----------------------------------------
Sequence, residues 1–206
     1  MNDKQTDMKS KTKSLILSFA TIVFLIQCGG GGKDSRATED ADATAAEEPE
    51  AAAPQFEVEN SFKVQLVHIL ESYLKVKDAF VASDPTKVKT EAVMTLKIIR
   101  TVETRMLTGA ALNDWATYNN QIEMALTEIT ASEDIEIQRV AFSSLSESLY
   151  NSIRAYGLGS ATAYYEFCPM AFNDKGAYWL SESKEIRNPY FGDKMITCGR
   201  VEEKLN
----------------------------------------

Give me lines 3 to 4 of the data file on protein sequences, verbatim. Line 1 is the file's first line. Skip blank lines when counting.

    51  AAAPQFEVEN SFKVQLVHIL ESYLKVKDAF VASDPTKVKT EAVMTLKIIR
   101  TVETRMLTGA ALNDWATYNN QIEMALTEIT ASEDIEIQRV AFSSLSESLY